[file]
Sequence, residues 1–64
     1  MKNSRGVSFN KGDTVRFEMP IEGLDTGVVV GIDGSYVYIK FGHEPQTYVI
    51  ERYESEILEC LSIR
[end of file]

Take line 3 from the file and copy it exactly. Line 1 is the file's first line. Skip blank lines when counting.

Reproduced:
    51  ERYESEILEC LSIR